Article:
Object is below horizon

Ken Tapping, 12th October, 2016

In the sky this week…

  • Reddish Mars and golden Saturn are low in the southwest after dark.
  • Venus lies deep in the sunset glare.
  • The Moon will be Full on the 15th.

Anyone who has tried to casually point a telescope at an astronomical object will have found it more difficult than expected. Even something as bright as the Moon will require some “waving around” However, trying this is a good introduction to the problems that have to be solved to do useful astronomical observations in a reasonable time.

The cure for this is a good, stable, telescope mount. This will make it possible to change the position of the telescope smoothly and positively, and when the object is in centre of the field, to track it as it is carried westwards by the Earth’s rotation. This was achieved in the 19th Century.

The other problem is actually finding the object we want to observe. Until very recently this involved techniques like “star hopping”, picking one’s way from one stellar landmark to another, until the desired object is found. The other way is to have position dials on the mount and to have it oriented correctly. Then we can calculate the dial settings, move the telescope to those settings, and with some luck, “there it is”.

Many backyard astronomers still do this, but an increasing number of amateurs are now doing what is done at professional observatories. We leave the finding job to computers. We have catalogues containing the positional and other information on thousands or millions of cosmic objects already in the computer. We tell it what we want to observe and it then calculates where it should be in the sky, and drives the telescope to it. Or, if the thing we want to see has not yet risen, or has recently set, we get a message like “Object is below horizon”. Of course any astronomer worth his or her salt should not make mistakes like that. We should know whether what we want to observe is available in the sky

Earlier astronomers, like 19thCentury astronomers William and Caroline Herschel, discoverers of the planet Uranus, had to do it all themselves. They made their telescopes, set them up and did all the observations by eye. Modern observatory telescopes are not designed for “looking through”. There are imagers, spectrographs, photometers and other instruments available that are far more sensitive and capable than the human eye, and the information collected can be recorded for analysis later, back in the office. The human eye and the observer attached to it are not reliable recorders of information at 3am, especially after many hours of observations, although that is exactly what at least some of our observational ancestors managed to do.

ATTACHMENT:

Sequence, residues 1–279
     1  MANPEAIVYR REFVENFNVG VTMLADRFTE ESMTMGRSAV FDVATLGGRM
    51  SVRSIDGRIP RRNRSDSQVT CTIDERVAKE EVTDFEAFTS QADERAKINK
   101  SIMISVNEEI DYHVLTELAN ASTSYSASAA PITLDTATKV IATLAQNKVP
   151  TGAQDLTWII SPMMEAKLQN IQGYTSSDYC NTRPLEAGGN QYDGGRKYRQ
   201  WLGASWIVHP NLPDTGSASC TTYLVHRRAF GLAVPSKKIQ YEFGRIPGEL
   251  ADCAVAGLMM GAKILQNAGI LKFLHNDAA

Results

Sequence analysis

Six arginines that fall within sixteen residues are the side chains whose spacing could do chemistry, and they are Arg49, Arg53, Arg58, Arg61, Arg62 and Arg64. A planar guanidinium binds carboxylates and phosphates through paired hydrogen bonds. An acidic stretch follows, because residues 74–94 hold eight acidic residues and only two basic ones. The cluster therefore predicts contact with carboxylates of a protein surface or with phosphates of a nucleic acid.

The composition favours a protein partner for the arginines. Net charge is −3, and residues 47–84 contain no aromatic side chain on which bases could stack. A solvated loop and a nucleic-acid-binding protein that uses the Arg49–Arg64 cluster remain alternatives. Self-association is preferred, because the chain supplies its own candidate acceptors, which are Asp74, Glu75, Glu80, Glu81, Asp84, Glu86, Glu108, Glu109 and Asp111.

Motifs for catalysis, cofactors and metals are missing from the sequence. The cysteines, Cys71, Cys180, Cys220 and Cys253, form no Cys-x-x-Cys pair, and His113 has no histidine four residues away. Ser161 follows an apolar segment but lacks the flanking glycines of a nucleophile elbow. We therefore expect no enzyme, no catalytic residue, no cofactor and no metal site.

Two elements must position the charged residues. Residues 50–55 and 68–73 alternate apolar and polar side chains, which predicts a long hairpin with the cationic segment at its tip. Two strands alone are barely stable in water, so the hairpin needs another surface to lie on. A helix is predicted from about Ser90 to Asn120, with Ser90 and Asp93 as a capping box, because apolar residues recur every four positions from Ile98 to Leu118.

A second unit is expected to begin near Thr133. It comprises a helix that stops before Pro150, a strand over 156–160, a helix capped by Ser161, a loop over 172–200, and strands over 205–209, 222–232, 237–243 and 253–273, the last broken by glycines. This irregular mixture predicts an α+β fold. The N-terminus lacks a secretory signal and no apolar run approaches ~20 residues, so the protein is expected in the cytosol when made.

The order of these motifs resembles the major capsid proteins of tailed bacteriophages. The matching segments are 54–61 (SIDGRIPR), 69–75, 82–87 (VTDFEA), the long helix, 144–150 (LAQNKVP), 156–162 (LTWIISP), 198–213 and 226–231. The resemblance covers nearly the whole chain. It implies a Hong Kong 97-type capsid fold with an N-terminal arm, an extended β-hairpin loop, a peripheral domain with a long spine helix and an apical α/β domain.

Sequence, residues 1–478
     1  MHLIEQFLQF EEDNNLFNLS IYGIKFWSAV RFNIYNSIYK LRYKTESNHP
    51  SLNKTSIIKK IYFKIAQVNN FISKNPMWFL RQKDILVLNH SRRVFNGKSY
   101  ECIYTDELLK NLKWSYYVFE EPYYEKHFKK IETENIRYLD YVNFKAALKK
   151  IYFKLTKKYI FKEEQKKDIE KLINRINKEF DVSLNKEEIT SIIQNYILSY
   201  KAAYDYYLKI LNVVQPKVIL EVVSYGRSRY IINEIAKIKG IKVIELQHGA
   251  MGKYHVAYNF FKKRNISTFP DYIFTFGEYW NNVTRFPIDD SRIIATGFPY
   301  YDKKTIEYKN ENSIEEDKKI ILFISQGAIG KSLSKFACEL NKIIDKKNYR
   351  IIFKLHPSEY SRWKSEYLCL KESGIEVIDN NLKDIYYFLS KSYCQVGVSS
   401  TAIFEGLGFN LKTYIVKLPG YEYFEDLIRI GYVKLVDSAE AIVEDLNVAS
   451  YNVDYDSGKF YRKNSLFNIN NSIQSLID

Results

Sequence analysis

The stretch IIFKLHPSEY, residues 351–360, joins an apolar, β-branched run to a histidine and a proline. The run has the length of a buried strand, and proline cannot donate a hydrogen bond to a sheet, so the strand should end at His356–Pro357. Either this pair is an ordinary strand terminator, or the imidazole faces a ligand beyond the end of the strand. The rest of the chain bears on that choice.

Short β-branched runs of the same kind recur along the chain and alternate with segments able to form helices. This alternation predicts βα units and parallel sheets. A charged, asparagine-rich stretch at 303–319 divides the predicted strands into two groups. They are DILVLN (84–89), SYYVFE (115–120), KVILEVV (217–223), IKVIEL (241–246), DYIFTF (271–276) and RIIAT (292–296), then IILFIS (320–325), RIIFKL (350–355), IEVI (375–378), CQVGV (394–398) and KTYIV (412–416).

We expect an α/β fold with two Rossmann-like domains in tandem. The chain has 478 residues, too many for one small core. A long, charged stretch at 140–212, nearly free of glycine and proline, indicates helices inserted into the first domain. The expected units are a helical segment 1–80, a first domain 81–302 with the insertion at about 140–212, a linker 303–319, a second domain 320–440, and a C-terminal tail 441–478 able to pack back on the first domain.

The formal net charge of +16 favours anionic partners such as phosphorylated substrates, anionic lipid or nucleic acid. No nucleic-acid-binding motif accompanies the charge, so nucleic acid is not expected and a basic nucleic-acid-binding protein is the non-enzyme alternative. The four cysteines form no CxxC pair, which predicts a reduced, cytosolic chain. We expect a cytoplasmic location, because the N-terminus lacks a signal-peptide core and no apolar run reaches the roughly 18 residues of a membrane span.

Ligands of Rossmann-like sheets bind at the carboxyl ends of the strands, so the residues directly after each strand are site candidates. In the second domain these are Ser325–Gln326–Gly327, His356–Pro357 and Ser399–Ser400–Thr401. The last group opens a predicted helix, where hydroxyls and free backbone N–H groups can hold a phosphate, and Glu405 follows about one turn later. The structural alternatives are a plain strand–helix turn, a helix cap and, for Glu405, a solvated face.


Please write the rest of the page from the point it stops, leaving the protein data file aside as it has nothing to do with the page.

The sophistication and complexity of modern telescopes and other astronomical instruments make them complicated to operate, so doing the driving is usually left to computers and the telescope operator, who is a skilled individual, capable of translating astronomical requirements into observing procedures. Thanks to the Internet and rapid communications, it is becoming less important that the astronomer whose observations are being made be at the telescope at all. The observations can be specified and submitted electronically and a message sent afterwards telling from where the data can be downloaded.

In addition to saving travel money, this makes it possible to operate telescopes more efficiently. The weather and technical problems are hard to predict, and not needing the astronomer to be on-site means the schedule can be easily adjusted, at very short notice to best match the observations to the conditions. In the past a lot of time and money got wasted as astronomers hung around waiting for the weather to change or an instrument to become available. However, observing trips to exotic locations like Hawaii, Chile and the Canary Islands are now increasingly in the past…. Sad.

Ken Tapping is an astronomer with the National Research Council's Dominion Radio Astrophysical Observatory, Penticton, BC, V2A 6J9.

Telephone: 250-497-2300
Fax: 250-497-2355

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